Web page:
January 3, 2022 technique



1d4 Encounter
1 2d20 Bandits
2 3d8 Giant Ants
3 4d6 Orcs
4 2d6 Wolves

On the face of it, there is nothing here. Flat, boring encounters with the basic, obvious enemies. Previously, I’ve written about adding extra dimensions to the encounter table. I don’t think I was right.

Instead use Surprise, Reaction and Distance - often overlooked, but essential to the variability and interest of encounters.

On a roll of 5-6, a party is surprised. Roll for each party unaware of the other.


2d6 Reaction
2 Hostile
3-5 Negative
6-8 Uncertain
9-11 Positive
12 Enthusiastic

If either party is surprised, an encounter occurs at 10-60’ - otherwise 20-120’.

Applying this procedure, a flat’ encounter becomes something very different.

40 bandits, unaware of you - out at 60ft. Hide, encounter, call out? They seem jovial.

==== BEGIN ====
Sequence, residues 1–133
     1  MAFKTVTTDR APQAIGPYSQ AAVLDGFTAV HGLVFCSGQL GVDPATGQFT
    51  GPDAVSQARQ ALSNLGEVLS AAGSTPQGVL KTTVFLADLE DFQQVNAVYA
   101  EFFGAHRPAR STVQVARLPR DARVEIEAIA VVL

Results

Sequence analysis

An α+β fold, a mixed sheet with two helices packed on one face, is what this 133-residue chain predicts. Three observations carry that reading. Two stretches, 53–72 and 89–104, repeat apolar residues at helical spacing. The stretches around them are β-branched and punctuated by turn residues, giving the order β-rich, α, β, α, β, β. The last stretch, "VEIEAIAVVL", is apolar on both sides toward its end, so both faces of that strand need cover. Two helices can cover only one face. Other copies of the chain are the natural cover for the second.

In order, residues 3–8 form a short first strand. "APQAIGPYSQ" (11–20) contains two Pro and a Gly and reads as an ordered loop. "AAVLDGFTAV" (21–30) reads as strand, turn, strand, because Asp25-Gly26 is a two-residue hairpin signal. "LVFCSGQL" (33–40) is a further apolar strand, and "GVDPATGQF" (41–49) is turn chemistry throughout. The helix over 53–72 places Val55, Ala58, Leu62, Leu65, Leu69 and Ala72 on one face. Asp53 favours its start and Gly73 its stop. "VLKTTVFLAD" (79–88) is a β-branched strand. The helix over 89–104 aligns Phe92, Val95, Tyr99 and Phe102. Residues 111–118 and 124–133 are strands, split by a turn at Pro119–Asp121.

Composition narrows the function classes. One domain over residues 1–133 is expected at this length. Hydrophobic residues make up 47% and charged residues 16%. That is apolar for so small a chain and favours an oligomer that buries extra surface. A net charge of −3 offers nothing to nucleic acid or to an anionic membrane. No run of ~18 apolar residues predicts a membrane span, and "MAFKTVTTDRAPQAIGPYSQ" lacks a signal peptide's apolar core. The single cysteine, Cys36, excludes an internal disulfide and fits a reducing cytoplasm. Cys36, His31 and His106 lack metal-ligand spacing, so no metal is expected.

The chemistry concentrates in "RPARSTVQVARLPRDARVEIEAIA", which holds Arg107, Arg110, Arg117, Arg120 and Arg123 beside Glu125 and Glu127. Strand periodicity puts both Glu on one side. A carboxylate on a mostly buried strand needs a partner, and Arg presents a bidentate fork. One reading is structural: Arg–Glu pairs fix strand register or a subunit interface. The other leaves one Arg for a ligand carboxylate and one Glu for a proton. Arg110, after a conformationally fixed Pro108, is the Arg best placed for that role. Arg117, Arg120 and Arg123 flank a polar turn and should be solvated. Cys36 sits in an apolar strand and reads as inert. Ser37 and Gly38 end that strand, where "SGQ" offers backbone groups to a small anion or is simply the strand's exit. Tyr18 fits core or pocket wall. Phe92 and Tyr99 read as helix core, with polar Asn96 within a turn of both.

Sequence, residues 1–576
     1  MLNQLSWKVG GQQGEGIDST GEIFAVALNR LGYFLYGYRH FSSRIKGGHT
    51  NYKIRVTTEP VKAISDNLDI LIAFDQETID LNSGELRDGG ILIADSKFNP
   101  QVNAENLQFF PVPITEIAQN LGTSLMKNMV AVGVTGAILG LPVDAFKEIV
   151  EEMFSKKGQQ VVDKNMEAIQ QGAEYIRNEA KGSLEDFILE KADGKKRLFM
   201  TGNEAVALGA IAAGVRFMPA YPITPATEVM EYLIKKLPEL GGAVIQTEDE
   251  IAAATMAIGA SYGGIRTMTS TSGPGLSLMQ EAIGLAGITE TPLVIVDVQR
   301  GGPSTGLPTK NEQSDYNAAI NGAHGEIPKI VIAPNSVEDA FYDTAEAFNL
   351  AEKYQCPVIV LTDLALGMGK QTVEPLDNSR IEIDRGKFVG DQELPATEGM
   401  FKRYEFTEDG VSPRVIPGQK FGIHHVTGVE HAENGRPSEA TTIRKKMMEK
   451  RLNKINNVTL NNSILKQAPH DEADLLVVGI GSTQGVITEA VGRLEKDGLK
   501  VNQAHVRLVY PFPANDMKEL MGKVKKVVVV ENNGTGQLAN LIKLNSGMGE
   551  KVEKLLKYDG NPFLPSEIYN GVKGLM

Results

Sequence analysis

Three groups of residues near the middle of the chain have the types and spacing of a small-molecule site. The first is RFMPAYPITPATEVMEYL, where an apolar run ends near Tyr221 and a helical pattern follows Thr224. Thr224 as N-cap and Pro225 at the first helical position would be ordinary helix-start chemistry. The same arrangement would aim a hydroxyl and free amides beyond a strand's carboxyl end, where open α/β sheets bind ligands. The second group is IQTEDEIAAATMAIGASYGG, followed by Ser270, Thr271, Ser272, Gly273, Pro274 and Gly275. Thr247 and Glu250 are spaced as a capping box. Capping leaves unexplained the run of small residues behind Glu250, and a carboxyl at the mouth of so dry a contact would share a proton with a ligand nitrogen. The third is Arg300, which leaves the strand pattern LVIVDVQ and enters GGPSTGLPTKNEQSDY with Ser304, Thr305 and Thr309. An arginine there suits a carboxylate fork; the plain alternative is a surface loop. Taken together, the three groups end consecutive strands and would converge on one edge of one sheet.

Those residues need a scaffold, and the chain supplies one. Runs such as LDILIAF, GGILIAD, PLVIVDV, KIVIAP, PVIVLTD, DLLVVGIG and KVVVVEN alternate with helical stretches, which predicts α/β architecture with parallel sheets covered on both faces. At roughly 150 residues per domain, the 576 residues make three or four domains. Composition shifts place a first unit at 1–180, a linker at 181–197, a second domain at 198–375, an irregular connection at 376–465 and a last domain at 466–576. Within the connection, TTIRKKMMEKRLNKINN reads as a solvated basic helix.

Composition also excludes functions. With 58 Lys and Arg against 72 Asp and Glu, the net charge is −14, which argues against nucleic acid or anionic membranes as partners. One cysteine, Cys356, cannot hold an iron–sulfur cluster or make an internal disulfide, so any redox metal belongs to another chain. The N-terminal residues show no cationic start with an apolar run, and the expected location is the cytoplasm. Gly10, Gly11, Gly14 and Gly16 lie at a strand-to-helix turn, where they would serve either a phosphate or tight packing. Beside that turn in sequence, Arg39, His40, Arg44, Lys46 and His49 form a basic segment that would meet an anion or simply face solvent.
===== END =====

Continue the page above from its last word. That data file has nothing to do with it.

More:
2 orcs, watching you closely without your knowledge. They’re uncertain - what does that mean?
12 ants, 120’ away and forming a phalanx.

Of course, using more interesting’ monsters is no bad thing. I think the focus around it comes partially from a desire to sell products as novel, as well as to demonstrate the unique taste and talent of the GM/designer. Applying SRD to these encounters also gives great results - but demonstrates the ability to use anything as a point of interest. There’s a subtle distinction between something interesting in-itself and something interesting due to it’s position and relation.

This isn’t something I came up with, but it’s something easily neglected with an outsized impact on play.

I’ve made an automated thing to do this for you

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